I’m reconciled to the fact, that due to other commitments, there is probably only going to be one of these every month. Too many distractions prevent focused writing. However, a plethora of excellent new albums have inspired this peroration, and it’s good to share. In one way or another, the releases featured in this blog will find their way into the Aural Delights Radio Show. I offer this information in the hope you might find something interesting to listen to that you might otherwise not be aware of. It might also tempt you to listen to the show. A pleasant aural distraction while you are doing the ironing or whatever.
Such is the nature of music accessibility these days that I am swamped on a daily basis by new releases and keeping up is almost a full-time job. But I should not complain, I recall the early days of Sounds and looking longingly at the Virgin Records advert in the rear of said august inky news-sheet and wondering how I could ever possibly afford to purchase the likes of Ars Longa Vita Brevis by The Nice,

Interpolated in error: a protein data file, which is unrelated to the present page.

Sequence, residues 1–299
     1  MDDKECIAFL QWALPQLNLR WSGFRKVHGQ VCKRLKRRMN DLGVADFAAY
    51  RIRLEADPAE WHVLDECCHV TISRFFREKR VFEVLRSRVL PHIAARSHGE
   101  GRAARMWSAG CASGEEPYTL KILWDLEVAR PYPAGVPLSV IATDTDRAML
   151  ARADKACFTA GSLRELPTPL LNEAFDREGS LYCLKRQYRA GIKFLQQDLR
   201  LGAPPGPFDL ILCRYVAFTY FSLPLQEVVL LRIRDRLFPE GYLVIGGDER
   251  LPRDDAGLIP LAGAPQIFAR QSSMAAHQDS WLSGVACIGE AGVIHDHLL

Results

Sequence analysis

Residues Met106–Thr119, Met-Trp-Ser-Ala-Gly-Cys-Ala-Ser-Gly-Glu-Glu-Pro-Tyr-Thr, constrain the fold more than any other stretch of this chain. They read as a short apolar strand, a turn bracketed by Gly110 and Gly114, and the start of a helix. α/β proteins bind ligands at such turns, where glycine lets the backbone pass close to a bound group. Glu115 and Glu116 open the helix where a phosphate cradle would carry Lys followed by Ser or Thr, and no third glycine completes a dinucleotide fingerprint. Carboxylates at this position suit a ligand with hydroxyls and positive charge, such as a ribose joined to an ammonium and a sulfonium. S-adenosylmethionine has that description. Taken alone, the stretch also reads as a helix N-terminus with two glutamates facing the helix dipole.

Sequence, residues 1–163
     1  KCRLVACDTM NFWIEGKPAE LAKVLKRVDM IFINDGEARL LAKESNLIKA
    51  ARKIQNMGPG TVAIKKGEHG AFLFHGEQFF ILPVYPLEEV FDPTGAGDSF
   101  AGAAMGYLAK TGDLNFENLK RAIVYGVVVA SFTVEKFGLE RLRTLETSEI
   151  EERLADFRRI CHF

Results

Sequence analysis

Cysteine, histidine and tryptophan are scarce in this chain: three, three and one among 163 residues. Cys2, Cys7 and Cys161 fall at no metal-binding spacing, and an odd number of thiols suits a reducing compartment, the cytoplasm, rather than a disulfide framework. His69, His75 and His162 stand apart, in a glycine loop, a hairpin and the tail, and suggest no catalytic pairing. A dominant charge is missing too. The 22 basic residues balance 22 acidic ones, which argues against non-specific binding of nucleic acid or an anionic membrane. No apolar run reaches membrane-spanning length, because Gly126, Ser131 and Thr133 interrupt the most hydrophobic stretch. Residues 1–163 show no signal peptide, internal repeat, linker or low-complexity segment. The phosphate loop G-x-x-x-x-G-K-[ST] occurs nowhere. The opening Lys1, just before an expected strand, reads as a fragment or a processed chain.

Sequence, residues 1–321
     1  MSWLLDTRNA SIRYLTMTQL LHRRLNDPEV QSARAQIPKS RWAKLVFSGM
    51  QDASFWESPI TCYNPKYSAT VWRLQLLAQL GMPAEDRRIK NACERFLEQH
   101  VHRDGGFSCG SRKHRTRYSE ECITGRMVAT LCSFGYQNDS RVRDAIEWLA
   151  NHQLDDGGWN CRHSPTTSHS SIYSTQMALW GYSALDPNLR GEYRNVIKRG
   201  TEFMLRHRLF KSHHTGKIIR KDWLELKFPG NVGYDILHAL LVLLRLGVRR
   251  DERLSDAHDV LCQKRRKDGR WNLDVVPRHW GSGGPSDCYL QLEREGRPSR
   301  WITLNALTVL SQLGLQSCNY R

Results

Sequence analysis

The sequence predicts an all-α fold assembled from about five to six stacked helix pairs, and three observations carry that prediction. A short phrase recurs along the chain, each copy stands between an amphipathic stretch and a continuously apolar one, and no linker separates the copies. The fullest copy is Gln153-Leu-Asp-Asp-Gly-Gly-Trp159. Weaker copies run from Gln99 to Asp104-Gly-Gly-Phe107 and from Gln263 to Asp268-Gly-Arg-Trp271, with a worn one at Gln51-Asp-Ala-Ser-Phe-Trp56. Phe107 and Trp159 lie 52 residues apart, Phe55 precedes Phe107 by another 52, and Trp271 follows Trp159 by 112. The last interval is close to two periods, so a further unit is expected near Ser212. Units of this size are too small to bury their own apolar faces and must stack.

Let’s start with TFS or to give them their full name Tropical Fuck Storm, which is also the name of their record label. Their debut album “A Laughing Death in Meatspace” is remarkable. Emerging from the Drones (the Australian version thereof not the Manc Punkers) the line-up is Gareth Liddiard guitar and vocals and Fiona Kitschin bass (The Drones), Lauren Hammel (High Tension) on drums and Erica Dunn (Mod Con, Harmony) on guitars, keys and other gadgets. How do you follow up from the excellent last album from The Drones? Well with this amalgam of modern rock music. Liddiard’s laconic vocal style dominates and he has great lyrics. The use of guitars is as always with Liddiard’s work a key feature but is the repetition and layering and song construction that marks this out as a ground-breaking release. The music moves through a variety of types of rock and blues but those conventions of genre don’t do justice to what emerges from this album There are strong elements of rap/urban delivery that seep into the murky corners of rock to create a singular sound. Highly recommended and a strong contender for album of the year.